I need to do some more talking to myself to figure this out, but I think I might have a way to focus my data issues. And I owe it all to the whiteboard and the Expo marker smell. There are some things that Apple products can’t replicate.

The best part about talking to myself, or even talking on the phone, is that my cat Milhouse thinks I’m talking to him. So, he ends up getting in my lap, meowing, generally trying to get in on the “conversation”. Once I’m no longer talking, he goes back to his usual spot in my office:


So, I guess i’m not completely talking to myself…

Intellectual Conversations

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This has been a great first week working from home. I have done a lot of thinking about my data analysis problem, and although I have not figured it out, I feel like I am a bit closer. I’ve been reading about case study methodology (Exciting right? To balance this, I’ve also been reading Ready Player One, a sci-fi, dystopian, pop culture obsessed, awesome novel as well as the Steve Jobs biography which I can sum up in three words: He’s an ass.)

The case study articles have helped me see that (surprise, surprise) I need some more focus and clarity. I need to find a theory that is at the heart of my study and see if the “case school” I’m working with is an example of that theory or not. Find a theoretical framework: easier said than done.

I also chatted with Bruce VanSledright over Skype on Tuesday, and I hope I didn’t come across as a complete moron. He said he would be happy to talk with me again, so I take that as a sign that I didn’t disappoint him too much. He said the same thing– that I need to focus on the 3-5 economic concepts I want to study, and 3-5 elements of student engagement, and only stick to those. He listed a bunch of data that he thinks I should collect, but he reassured me that I don’t need to use everything. He, however, seemed to like a lot of the elements in my study and didn’t want me to cut any research questions.  He also thinks I should lean towards measuring growth– in other words, seeing if the One Hen unit “works”. Although I can’t make any causal claims to that, he thinks a pre and post test will strengthen my study, and he liked the idea of an engagement survey. So, in other words, he liked the things my committee wasn’t exactly thrilled about. I still have a challenge ahead of me if I want to follow his advice. We’ll see. He’s also from Grand Rapids, so I think we were academics that were meant to collaborate!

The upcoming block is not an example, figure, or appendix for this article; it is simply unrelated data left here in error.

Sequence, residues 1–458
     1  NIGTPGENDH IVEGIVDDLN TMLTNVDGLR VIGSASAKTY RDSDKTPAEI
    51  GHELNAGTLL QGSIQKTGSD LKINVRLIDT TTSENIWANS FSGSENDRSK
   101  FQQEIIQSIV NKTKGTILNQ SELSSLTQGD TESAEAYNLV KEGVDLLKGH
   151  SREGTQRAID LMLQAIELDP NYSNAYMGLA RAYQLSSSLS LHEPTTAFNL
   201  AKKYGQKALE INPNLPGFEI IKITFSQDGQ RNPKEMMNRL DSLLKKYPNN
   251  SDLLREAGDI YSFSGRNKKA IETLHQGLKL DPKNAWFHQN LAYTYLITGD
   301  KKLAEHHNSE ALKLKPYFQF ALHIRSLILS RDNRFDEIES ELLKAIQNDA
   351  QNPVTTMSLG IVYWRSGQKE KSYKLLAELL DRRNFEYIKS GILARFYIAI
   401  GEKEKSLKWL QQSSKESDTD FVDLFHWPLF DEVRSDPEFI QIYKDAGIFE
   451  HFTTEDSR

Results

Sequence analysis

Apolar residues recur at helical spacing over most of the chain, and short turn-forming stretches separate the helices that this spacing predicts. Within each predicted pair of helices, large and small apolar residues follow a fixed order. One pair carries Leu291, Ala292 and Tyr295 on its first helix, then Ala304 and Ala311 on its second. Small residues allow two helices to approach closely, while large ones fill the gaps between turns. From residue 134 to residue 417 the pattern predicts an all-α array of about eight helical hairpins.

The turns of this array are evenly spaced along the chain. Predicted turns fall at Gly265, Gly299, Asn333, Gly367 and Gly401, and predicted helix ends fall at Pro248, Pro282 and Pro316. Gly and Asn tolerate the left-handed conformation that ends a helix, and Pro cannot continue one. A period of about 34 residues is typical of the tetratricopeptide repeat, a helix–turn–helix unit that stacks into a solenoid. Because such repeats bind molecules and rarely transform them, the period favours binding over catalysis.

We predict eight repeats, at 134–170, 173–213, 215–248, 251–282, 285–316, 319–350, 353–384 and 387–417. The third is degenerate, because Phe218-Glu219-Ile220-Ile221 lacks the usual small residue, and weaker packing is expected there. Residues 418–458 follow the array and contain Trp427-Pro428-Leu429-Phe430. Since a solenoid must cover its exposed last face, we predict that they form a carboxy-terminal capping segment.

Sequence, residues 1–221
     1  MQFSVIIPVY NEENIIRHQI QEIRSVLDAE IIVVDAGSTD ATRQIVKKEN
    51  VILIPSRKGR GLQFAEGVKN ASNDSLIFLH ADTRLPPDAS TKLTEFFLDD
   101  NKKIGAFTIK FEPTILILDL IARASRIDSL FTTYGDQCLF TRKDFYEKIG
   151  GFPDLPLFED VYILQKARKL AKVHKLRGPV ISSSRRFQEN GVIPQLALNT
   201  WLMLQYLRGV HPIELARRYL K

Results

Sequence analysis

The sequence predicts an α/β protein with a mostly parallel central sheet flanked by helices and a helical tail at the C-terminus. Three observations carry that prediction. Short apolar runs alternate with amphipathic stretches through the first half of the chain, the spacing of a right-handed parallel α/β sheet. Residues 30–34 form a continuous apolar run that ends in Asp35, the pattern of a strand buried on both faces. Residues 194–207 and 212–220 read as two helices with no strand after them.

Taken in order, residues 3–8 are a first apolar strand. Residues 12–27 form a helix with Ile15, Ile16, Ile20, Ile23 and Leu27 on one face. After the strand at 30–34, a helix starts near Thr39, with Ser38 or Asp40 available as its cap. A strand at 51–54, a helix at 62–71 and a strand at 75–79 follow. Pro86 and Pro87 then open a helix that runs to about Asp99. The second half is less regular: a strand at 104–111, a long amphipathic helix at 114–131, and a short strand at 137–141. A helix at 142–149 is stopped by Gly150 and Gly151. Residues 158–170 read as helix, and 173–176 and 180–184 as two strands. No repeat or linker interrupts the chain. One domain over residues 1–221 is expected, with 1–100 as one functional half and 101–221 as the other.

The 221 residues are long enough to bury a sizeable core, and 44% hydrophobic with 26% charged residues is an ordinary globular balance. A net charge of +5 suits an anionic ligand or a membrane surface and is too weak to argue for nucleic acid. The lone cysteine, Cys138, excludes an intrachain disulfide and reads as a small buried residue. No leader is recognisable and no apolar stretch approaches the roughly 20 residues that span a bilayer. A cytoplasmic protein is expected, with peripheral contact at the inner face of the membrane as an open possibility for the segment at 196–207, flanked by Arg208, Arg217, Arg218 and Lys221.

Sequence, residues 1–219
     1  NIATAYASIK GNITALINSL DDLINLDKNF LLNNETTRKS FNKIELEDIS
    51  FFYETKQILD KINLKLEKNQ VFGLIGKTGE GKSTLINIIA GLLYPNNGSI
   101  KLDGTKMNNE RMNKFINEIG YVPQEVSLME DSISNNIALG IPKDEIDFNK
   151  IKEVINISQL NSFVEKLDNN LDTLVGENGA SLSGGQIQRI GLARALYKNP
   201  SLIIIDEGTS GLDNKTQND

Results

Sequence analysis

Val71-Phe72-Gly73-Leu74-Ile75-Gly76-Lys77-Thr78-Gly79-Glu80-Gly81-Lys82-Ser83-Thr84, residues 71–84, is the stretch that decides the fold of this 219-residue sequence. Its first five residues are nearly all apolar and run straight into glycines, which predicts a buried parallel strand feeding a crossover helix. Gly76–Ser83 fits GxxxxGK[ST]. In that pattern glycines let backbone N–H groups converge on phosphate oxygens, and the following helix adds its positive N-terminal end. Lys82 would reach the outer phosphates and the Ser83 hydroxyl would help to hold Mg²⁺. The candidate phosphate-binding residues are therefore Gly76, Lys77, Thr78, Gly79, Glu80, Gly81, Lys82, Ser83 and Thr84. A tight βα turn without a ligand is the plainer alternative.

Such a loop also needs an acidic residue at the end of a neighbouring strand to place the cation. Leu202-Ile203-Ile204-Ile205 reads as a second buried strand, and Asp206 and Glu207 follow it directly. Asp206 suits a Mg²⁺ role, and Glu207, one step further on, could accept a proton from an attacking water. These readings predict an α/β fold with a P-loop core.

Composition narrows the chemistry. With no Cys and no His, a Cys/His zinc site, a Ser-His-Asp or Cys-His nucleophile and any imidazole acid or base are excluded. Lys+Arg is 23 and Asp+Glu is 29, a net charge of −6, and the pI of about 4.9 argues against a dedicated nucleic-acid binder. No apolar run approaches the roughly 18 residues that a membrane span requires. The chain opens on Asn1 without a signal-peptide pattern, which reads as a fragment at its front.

I think focus is key. In the Bolker book (Write Your Dissertation in 15 Minutes...) she says that the length of a dissertation should be the shortest amount of pages that my committee will accept. It was her way of saying not to try to take on the world with this project. This is also something Erica and Sally mentioned to me during our “intellectual conversation” time on Tuesday morning. Erica, Sally, and I have decided to chat once a week about our projects (we’re all dissertating at the same time, which sounds weird), and talking to them also helps me achieve this focus I so desperately need.

So basically Tuesday was a day of talking to smart people. Today I also talked to smart people by crashing a field trip for Vanderbilt Academy (where I used to teach middle school), catching up with some awesome teacher friends, and relaxing at Lake Michigan. I hoped that staring at nature and going back to my roots would also give me focus:


I don’t need to hole myself up in my office every day, right?


My “first day”


My husband and I have been joking that today is like my first day at a new job. One where I get to work wherever and on whatever I please. Today was a pretty awesome “first day at work.” For example, this was my old work space:


Other than the large poster of George Washington, it’s pretty boring. To be fair, this is how I left my cubicle on my last day at NHA. Now here is my new workspace:



Much better, right? Not to mention the cat loves to keep me company on that big couch when I’m reading, which I appreciate. I also took the laptop outside today and worked on the deck, then went and had Monday night cocktails with some friends to celebrate my “first day”. All in all, a pretty great start to my new career as a stay-at-home-writer.

And tomorrow, for my 2nd day? I get to Skype with Bruce VanSledright. More on that conversation to come…